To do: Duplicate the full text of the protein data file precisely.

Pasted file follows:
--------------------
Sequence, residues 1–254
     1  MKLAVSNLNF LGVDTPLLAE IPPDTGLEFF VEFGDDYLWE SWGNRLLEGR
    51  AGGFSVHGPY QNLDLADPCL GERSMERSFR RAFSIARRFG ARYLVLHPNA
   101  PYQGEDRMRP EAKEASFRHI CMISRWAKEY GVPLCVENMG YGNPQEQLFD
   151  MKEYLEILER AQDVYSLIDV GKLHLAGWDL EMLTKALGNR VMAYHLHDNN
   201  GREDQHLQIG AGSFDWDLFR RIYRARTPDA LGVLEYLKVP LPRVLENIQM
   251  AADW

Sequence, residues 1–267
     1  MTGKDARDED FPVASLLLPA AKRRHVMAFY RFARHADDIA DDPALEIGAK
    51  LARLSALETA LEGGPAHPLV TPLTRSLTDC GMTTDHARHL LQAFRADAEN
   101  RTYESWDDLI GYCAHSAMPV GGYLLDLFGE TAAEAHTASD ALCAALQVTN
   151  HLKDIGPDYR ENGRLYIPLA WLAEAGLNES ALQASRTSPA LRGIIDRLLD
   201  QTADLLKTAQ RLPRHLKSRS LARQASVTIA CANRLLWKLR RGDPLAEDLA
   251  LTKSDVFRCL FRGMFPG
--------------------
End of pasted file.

Sequence, residues 1–254
     1  MKLAVSNLNF LGVDTPLLAE IPPDTGLEFF VEFGDDYLWE SWGNRLLEGR
    51  AGGFSVHGPY QNLDLADPCL GERSMERSFR RAFSIARRFG ARYLVLHPNA
   101  PYQGEDRMRP EAKEASFRHI CMISRWAKEY GVPLCVENMG YGNPQEQLFD
   151  MKEYLEILER AQDVYSLIDV GKLHLAGWDL EMLTKALGNR VMAYHLHDNN
   201  GREDQHLQIG AGSFDWDLFR RIYRARTPDA LGVLEYLKVP LPRVLENIQM
   251  AADW

Sequence, residues 1–267
     1  MTGKDARDED FPVASLLLPA AKRRHVMAFY RFARHADDIA DDPALEIGAK
    51  LARLSALETA LEGGPAHPLV TPLTRSLTDC GMTTDHARHL LQAFRADAEN
   101  RTYESWDDLI GYCAHSAMPV GGYLLDLFGE TAAEAHTASD ALCAALQVTN
   151  HLKDIGPDYR ENGRLYIPLA WLAEAGLNES ALQASRTSPA LRGIIDRLLD
   201  QTADLLKTAQ RLPRHLKSRS LARQASVTIA CANRLLWKLR RGDPLAEDLA
   251  LTKSDVFRCL FRGMFPG